(Photo by Flickr user Pictures of Money, used under a Creative Commons license)
It was a year of big money, as venture capitalists participated in a record number of mega-rounds across the U.S. in 2017.
PwC and CB Insights consider a mega-rounds to be an investment in a company that tops $100 million. In all, the two entities said in the latest MoneyTree report that the U.S. saw 109 such deals last year.
Companies in the D.C. area played a part in running up that total. The fourth quarter alone saw three such deals with Arlington, Va., satellite broadband company OneWeb’s out-of-this-world $500 million round, Bethesda, Md.–based Precision Medicine Group’s $275 million round and MapBox’s $164 million round. It capped a massive $1.2 billion quarter for the area, which was about as high as the other three quarters combined. You know it’s a good quarter when ThreatQuotient’s $30 million round was only the fifth-highest deal.
“2017 closed strong because of mega-round activity – a theme throughout the year. It was a record year for these mega-rounds and was driven by what we’d describe as the Softbank Effect,” CB Insights CEO Anand Sanwal said in an analysis. “This is the entry of large, deep pocketed investors, ranging from Softbank to sovereign wealth funds from around the globe investing in insurgent startup companies.”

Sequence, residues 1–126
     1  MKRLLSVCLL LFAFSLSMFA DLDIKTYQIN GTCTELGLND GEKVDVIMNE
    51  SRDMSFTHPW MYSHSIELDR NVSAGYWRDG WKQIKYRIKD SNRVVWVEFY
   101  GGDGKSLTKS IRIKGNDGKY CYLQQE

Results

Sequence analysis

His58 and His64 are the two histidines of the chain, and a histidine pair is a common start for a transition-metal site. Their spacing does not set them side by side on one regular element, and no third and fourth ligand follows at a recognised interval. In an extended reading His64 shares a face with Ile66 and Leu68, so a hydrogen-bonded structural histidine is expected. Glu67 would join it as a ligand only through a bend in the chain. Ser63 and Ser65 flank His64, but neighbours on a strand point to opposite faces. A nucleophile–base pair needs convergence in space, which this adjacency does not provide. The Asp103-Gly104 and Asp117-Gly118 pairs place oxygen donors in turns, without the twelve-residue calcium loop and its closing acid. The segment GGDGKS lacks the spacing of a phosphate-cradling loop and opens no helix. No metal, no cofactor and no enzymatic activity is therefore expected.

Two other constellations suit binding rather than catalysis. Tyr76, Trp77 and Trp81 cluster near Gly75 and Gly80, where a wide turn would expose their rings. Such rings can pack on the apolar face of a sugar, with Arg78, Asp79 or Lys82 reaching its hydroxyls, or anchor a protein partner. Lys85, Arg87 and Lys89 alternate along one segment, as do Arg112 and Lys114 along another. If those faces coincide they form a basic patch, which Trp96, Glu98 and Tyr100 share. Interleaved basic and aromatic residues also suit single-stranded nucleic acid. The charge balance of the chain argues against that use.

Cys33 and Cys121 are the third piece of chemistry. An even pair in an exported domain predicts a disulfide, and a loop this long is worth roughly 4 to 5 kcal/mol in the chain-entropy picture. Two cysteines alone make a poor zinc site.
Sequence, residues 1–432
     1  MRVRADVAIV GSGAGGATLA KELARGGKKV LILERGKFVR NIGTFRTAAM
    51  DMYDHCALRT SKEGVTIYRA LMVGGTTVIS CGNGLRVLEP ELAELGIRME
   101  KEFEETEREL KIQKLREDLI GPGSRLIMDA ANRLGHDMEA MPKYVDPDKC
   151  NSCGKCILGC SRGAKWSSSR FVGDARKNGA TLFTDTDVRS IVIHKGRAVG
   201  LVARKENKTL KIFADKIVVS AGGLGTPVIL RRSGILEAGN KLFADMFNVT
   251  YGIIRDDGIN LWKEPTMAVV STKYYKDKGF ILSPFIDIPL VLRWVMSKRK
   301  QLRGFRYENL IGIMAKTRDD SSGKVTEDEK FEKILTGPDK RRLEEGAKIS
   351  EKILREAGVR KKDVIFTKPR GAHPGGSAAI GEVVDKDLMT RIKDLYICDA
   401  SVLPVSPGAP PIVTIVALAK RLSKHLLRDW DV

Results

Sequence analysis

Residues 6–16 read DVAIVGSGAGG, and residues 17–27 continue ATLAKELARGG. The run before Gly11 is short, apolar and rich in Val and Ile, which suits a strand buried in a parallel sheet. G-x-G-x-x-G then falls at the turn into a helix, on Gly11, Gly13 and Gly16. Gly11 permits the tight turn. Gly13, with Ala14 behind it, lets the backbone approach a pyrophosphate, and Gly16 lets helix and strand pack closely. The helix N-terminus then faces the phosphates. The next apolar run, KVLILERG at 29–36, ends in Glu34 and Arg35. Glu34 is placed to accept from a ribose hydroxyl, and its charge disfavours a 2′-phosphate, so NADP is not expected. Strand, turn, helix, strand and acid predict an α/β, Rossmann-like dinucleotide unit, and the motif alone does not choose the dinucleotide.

The Softbank Vision Fund was involved here, too, leading rounds for OneWeb and MapBox.
There was one other mega-round throughout the year as well, as edtech company EverFi raised $190M, led by the Rise Fund.
However, there was another side to that equation. While the amount dollars went up, the number of startups funded around the country went down.
For the entire DMV, the number of deals did indeed decrease from 204 in 2016 to 185 in 2017. But so, too, did the overall total funding, from about $2.7 billion in 2016 to $2.4 billion in 2017.
We tech journalists typically peruse such reports to see any early-stage deals we might’ve missed, but the big money rounds meant that anything under $12 million wasn’t even listed for Q4. So NEA’s investment in data privacy startup Wirewheel didn’t even make the cut.
In fact, there are fewer such rounds for earlier stage companies, said Sanwal. As Techcrunch reported, the decrease is now a three-year trend. But there could be a correction in 2018.
“Deals are still being completed, especially the bigger ones, but the early-stage activity which is vital to the VC ecosystem’s health did take a hit,” Sanwal said. “There is a lot of early stage (seed capital) that has been raised so it’s likely to bounce back.”-30-
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